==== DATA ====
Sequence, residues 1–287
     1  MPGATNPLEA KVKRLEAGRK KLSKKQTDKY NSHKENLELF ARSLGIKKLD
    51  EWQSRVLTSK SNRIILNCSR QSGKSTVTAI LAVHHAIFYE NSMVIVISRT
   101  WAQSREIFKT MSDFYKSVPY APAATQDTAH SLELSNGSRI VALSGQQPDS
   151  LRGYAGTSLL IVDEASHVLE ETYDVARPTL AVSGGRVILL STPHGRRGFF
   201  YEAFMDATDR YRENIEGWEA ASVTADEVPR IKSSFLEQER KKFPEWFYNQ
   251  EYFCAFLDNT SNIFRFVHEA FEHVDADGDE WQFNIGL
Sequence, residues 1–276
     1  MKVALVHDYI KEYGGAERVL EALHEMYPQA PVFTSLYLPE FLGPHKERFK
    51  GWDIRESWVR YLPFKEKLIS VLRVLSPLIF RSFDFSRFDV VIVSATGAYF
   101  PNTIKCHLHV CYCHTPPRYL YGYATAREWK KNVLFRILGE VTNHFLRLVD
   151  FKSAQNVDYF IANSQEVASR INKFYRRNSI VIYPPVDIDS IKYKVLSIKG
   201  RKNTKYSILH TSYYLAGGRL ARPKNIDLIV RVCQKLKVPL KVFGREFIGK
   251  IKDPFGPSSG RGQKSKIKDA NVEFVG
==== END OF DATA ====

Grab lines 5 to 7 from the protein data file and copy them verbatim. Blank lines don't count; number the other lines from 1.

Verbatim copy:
   151  LRGYAGTSLL IVDEASHVLE ETYDVARPTL AVSGGRVILL STPHGRRGFF
   201  YEAFMDATDR YRENIEGWEA ASVTADEVPR IKSSFLEQER KKFPEWFYNQ
   251  EYFCAFLDNT SNIFRFVHEA FEHVDADGDE WQFNIGL